Hospitality tax headed to Senate
BEMIDJI – The debate over a hospitality tax in Bemidji is heating up.
In the weeks since a bill allowing the city to impose the tax was heard in the state House, boardroom discussions and letters to the editor in the Pioneer have focused on the tax.
And on Wednesday morning, the proposal will take another step forward when its Senate companion gets a hearing in the powerful taxes committee, chaired by Sen. Rod Skoe, DFL-Clearbrook.
The bill, authored by state Sen. Tom Saxhaug, DFL-Grand Rapids, would allow the city to impose up to a 1 percent tax on restaurant and hotel customers’ bills. The money would go to operations, maintenance and capital improvement costs of the Sanford Center, which currently receives a $400,000 annual subsidy from the city.
City manager John Chattin has said the tax would allow them to reduce city property taxes, and is projected to generate $500,000 a year if set at the 1 percent level.
During a March 13 hearing in the House local and property tax division of the taxes committee, Chattin said more than 130,000 people attended events at the center last year.
“It also brings a lot of extra money into the community, which is one of the reasons we wanted to build it in the first place,” he told legislators. “A lot of that money gets spent in local hotels and restaurants.”
The House bill is authored by Rep. John Persell, DFL-Bemidji.
Rep. Tim Faust, DFL-Hinckley, said during the hearing that the tax appeared to be focused on property taxes in Bemidji.
“I don’t understand why someone from my community that goes to your community should now help pay the property tax responsibility in your community,” Faust said.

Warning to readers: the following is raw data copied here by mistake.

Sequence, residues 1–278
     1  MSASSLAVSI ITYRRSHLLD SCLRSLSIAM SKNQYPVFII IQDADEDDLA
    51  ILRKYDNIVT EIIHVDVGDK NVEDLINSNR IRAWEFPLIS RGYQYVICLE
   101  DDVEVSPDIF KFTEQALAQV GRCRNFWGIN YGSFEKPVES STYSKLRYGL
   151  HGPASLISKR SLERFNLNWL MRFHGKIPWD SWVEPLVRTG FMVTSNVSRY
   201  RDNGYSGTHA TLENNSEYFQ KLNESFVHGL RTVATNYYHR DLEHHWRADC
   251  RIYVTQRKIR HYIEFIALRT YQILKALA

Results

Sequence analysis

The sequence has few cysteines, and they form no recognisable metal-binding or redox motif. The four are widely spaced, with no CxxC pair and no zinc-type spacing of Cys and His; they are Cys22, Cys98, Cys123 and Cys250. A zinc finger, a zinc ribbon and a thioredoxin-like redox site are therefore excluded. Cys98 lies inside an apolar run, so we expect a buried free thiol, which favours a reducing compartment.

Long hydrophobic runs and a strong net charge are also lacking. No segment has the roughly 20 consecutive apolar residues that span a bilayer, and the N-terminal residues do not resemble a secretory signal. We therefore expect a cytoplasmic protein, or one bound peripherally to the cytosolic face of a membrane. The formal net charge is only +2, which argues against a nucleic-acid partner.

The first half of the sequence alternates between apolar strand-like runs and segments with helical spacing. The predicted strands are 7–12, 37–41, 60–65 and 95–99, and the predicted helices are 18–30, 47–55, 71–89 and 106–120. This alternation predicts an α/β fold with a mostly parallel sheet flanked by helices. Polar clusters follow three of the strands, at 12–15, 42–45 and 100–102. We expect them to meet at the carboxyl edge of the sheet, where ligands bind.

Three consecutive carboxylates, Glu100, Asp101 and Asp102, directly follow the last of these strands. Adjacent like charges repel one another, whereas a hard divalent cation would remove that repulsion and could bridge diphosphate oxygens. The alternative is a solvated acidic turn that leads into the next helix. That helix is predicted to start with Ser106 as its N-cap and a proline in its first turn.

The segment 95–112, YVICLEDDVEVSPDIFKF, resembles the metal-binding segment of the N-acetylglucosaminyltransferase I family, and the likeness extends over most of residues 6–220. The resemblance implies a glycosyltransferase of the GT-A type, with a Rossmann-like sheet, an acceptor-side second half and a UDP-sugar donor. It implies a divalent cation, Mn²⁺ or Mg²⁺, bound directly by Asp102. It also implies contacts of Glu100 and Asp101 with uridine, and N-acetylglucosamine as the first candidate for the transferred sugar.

Chattin countered the hospitality tax is a “matter of fairness.” He noted about half of the real market value in Bemidji is exempt from paying property taxes, one of the highest rates in the state.
“Why should such a small portion of citizens in the city of Bemidji be subsidizing a regional center?” Chattin told legislators. “We are servicing a wide region. It doesn’t seem fair to take less than half … of the property in Bemidji and say, ‘You have to pay all of that.’”
Local hotel developer Rich Siegert said, however, the tax is aimed at the wrong people. He added that less than 5 percent of his total gross sales per year are being generated by events at the center.
“There are better ways to tax,” he said.
Even before the companion bill was heard in the state House, the Bemidji Area Chamber of Commerce asked members to contact legislators in opposition.
The chamber, as well as Visit Bemidji, has voiced opposition to the tax. Chamber president Lori Paris has said previously that more options need to be explored before a hospitality tax should be considered.